Women’s League for Oceans
Brazil is the world’s 4th largest producer of plastic waste. During the COVID-19 pandemic, plastic pollution increased drastically. Sanitary gloves, masks and other PPE were poorly discarded, representing a new wave of ocean pollution.
In order to raise awareness and generate action on the issue, in 2020 Purpose and the Women’s League for Oceans have developed a digital campaign to inspire behavior change and mobilize women against sea pollution across Brazil.
Sea pollution has been increasing rapidly over the last few years. During the pandemic, the use of plastic increased considerably due to the growing volume of disposables from delivery and internet purchases. Sanitary gloves, masks and other PPE (Personal Protective Equipment) have been poorly discarded and began to represent a new wave of ocean pollution. The scenario is alarming: It demands that we put our consumption habits into question and mobilize in favor of the proper disposal of waste in order to minimize negative impacts.
The campaign is built with two main approaches.
The first approach is the development of the campaign from the gender perspective – due to the potential of women’s engagement in defending the socio-environmental agenda, which was proven by a research commissioned by Purpose (BLS Research & Consulting, 2019), and from the premise that by transforming a woman’s life, the life of all a community is transformed.
The second approach is about the connection of female athletes with the seas. By valuing Brazilian cultural elements, we used the connection between the ocean and sports and well-being as a trigger to inspire other women to take care of both nature and marine life.
Theory of Change
By engaging female athletes in a digital campaign on changing perceptions, consumption habits and behavior, and focused on reducing plastic pollution in the ocean, we will be able to encourage and inspire Brazilian women to become agents for protecting the ocean, helping to build a national community around this agenda.
In order to achieve our main goal, we have articulated three specific objectives:
1 – Change of day-to-day habits;
2 – Long-term engagement with the cause;
3 – Multiplication of amplifying agents.
We’ve developed audience segmentation strategies and digital actions to reach, inform and inspire new behaviors and to engage women against the pollution of the seas in Brazil. Our main call-to-action was inviting women to join the League, thus helping to build and strengthen a national community in support of ocean protection.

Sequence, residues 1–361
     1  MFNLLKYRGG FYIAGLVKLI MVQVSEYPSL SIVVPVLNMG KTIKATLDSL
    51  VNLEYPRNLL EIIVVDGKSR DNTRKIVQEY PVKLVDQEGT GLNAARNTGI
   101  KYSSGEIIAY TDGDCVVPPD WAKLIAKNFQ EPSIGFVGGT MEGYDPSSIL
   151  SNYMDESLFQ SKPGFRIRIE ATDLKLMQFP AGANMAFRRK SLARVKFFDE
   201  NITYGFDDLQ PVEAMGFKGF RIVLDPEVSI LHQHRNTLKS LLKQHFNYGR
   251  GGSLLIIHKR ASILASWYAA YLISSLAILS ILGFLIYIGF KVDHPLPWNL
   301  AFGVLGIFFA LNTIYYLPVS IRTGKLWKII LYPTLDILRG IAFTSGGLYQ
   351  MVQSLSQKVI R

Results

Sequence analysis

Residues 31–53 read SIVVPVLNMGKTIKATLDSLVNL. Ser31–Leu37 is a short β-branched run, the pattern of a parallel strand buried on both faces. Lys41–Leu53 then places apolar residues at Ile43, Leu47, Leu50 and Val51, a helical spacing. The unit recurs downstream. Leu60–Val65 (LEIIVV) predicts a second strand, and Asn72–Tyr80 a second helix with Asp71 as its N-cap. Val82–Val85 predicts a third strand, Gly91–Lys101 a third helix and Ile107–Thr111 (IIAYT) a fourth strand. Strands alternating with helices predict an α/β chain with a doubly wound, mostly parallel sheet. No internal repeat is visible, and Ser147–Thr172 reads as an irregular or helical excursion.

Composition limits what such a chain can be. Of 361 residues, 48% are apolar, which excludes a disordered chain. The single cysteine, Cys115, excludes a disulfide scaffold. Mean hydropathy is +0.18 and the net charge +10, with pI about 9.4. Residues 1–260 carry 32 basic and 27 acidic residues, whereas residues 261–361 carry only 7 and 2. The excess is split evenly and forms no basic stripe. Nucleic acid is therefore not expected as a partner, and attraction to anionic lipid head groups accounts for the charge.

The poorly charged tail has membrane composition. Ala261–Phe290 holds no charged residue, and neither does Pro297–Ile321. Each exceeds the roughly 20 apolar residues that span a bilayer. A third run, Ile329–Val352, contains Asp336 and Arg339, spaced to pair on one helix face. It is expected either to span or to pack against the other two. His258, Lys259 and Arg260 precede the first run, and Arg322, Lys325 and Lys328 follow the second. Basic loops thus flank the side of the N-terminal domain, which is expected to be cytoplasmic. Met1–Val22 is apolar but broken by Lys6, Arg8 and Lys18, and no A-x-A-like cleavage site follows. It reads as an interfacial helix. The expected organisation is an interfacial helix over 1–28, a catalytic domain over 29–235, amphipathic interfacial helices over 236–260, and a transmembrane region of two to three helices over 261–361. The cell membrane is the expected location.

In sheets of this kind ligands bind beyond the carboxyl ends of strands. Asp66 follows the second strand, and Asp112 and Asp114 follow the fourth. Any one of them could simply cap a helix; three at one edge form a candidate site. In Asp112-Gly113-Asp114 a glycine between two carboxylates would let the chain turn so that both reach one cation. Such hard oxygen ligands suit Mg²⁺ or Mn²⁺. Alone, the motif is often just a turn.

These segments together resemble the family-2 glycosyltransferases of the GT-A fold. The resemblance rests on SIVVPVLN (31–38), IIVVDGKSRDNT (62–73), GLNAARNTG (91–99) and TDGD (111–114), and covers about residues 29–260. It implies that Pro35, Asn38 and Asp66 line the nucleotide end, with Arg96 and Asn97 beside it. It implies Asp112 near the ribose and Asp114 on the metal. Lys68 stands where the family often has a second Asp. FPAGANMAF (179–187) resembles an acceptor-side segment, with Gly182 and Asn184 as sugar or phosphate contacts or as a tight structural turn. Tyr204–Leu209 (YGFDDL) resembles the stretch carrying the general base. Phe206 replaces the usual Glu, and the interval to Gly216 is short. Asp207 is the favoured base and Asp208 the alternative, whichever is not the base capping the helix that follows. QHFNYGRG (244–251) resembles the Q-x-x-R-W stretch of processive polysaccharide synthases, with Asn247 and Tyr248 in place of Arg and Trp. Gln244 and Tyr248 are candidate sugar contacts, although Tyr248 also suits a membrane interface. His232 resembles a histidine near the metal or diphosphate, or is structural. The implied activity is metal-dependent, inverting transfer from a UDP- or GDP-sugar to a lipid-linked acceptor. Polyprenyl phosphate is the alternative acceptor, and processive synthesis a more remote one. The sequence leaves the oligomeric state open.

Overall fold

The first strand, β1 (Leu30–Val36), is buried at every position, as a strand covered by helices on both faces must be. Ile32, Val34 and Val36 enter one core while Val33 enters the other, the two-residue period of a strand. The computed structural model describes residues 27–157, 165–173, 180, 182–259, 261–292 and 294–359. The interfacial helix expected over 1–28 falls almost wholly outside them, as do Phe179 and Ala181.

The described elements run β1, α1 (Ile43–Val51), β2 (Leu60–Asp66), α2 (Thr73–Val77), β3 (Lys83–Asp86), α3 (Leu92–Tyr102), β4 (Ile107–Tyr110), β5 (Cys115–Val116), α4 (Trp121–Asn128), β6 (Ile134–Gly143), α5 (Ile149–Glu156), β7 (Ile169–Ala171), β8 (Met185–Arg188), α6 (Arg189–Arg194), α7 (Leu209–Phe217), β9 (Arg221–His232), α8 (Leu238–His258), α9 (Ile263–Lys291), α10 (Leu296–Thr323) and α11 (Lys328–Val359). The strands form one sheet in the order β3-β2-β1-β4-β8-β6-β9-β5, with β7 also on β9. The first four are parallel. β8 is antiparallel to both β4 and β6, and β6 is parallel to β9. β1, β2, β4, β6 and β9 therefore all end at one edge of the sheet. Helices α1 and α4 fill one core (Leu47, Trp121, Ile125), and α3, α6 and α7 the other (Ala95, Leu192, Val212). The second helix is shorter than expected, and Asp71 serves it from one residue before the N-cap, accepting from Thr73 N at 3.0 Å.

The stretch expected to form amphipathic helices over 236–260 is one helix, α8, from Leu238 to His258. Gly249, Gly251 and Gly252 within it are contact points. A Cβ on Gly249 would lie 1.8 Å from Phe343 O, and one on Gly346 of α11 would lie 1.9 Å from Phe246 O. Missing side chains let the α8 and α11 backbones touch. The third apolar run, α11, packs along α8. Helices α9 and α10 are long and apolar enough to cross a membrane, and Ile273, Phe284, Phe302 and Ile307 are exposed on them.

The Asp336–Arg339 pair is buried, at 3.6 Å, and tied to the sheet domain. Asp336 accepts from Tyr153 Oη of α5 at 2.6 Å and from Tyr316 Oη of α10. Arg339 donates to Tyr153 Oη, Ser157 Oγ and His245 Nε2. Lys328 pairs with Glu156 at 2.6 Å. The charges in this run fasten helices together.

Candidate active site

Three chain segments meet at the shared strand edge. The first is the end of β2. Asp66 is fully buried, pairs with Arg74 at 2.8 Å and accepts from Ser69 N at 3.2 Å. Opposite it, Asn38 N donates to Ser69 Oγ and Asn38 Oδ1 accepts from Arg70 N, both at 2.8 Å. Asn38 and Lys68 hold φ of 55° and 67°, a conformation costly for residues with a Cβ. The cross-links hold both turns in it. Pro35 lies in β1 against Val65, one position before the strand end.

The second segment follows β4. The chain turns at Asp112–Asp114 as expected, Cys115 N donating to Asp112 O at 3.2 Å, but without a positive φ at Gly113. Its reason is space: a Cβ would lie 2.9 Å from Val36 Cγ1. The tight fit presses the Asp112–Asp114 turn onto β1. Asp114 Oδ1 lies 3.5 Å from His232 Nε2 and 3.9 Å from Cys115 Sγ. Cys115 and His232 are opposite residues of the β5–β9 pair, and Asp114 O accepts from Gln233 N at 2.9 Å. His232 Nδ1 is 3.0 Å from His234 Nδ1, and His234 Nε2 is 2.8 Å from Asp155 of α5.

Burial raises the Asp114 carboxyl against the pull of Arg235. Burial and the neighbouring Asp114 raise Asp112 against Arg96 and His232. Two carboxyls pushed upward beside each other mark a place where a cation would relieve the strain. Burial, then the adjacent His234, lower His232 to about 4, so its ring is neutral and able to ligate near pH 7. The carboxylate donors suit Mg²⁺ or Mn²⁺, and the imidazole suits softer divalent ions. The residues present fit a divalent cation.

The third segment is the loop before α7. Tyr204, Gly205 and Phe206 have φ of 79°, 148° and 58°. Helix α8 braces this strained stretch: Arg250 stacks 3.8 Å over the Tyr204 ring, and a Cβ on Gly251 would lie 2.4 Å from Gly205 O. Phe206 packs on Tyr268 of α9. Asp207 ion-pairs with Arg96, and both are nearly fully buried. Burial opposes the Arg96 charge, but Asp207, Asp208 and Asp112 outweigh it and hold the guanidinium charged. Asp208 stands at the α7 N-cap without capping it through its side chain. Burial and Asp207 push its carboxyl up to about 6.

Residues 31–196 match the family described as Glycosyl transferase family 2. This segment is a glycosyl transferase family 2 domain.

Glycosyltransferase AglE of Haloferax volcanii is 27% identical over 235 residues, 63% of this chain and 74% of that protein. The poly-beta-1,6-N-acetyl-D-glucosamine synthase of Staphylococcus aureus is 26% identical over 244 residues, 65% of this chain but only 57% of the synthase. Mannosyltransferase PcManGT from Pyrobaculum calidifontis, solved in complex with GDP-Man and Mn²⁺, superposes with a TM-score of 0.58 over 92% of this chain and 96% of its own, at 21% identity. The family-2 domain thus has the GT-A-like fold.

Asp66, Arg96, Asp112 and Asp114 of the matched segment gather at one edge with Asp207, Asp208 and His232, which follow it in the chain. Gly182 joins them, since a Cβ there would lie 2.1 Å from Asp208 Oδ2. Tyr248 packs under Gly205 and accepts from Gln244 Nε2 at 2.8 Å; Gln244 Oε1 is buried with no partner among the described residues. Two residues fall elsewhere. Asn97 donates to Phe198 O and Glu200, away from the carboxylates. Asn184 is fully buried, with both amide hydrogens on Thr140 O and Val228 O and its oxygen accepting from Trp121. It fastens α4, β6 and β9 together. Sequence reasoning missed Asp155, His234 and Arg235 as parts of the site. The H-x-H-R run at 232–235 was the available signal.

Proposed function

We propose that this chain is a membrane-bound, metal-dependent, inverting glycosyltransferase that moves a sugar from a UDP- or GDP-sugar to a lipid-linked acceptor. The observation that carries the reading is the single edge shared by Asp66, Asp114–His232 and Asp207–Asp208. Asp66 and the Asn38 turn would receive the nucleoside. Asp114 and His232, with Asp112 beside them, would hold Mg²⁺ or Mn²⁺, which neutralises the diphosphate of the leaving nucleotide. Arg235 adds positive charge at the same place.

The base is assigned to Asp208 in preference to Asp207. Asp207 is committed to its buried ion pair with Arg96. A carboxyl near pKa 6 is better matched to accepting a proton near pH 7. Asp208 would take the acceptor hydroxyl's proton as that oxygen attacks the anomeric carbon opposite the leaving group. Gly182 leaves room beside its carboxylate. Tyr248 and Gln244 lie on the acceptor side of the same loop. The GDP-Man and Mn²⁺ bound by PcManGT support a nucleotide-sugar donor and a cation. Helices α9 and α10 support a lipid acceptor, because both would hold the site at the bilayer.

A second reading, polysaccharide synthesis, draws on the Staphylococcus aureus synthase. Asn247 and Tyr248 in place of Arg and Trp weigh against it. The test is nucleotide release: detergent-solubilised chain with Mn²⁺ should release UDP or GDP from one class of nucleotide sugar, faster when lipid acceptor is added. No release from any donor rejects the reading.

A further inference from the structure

Purpose created the campaign’s visual identity, seeking to mix watercolor and ink elements, representing the movement of the waters, with symbols and elements of the seas. As part of the campaign’s strategy, which focused broadly on the public of the northeastern coastal states, we also used the composition of elements and colors of the cordel style.
The team created content covering topics such as biodiversity protection, microplastics, ghost fishing and the health of the seas – our main formats were animations, in addition to videos with testimonials from athletes.
Most of the Brazilian population is concentrated on the country’s coastal line. Therefore, the segmentation of audiences focused mainly on coastal states (noting that this does not mean that we worked only with coastal municipalities, but with populations from states located in the coastal zone). Furthermore, as the League already had a public concentration in the South-Southeast regions, we prioritized reaching new audiences, with focus in the Northeast region; and aimed at public loyalty in the Southeast region.
The participating athletes were invited to engage digitally, posting photos and videos of them at the sea on their own profiles and telling their followers about their connection to the ocean and why it’s important to protect it.
“As an athlete, I had the opportunity to travel and to visit many beaches around the world, stunning landscapes that unfortunately live in constant threat due to pollution.” – Neymara Carvalho
« I grew up on the beach and the ocean has been my second home for as long as I can remember 🌊 – so all the rubbish I find in the water is sad – which has happened countless times » – Chlóe Calmon
Six Olympic athletes engaged in our campaign: Bia Bulcão (fencing), Virna Dias (volleyball), Isabel Swan (sailing), Kahena Kunze (sailing), Martine Grael (sailing), Lorena Molinos (artistic swimming).
The main impacts can be seen on three fronts:
- Base increase: In 1 year since its formation, the League had a total of 430 women. Within the campaign’s only one month, the base reached almost 1,800 women. The campaign raised a 300% increase in the League’s member base in a very short time.
- New engaged audiences: In Brazil, many of the social organizations’ activities are concentrated in the country’s Southeast region. One of our main objectives – which was achieved – was to reach the public in the Northeast, diversifying the movement’s base. Before the campaign, Northeast members corresponded to 14% of the League’s base (around 60 out of the 430). Within 1 month of the campaign, we reached 42% (749 people), which brings a new perspective of performance and diversity to the League.
- Engagement with the agenda: 47 athletes were engaged in the campaign, which altogether have more than 1.09 million followers on Instagram. The athletes’ posts had more than 28,000 likes and 1,000 comments. But most interesting was the high level of engagement of the athletes, who showed great willingness to participate in the campaign and to dedicate time and consideration to publicize it.
“We discovered immense potential for the movement due to the great engagement the campaign had. It’s great that we all want to do more for the ocean and that we can have this campaign as a model for even bigger future actions”. Barbara Veiga, activist and Women’s League for Oceans co-founder
for Equity & Evidence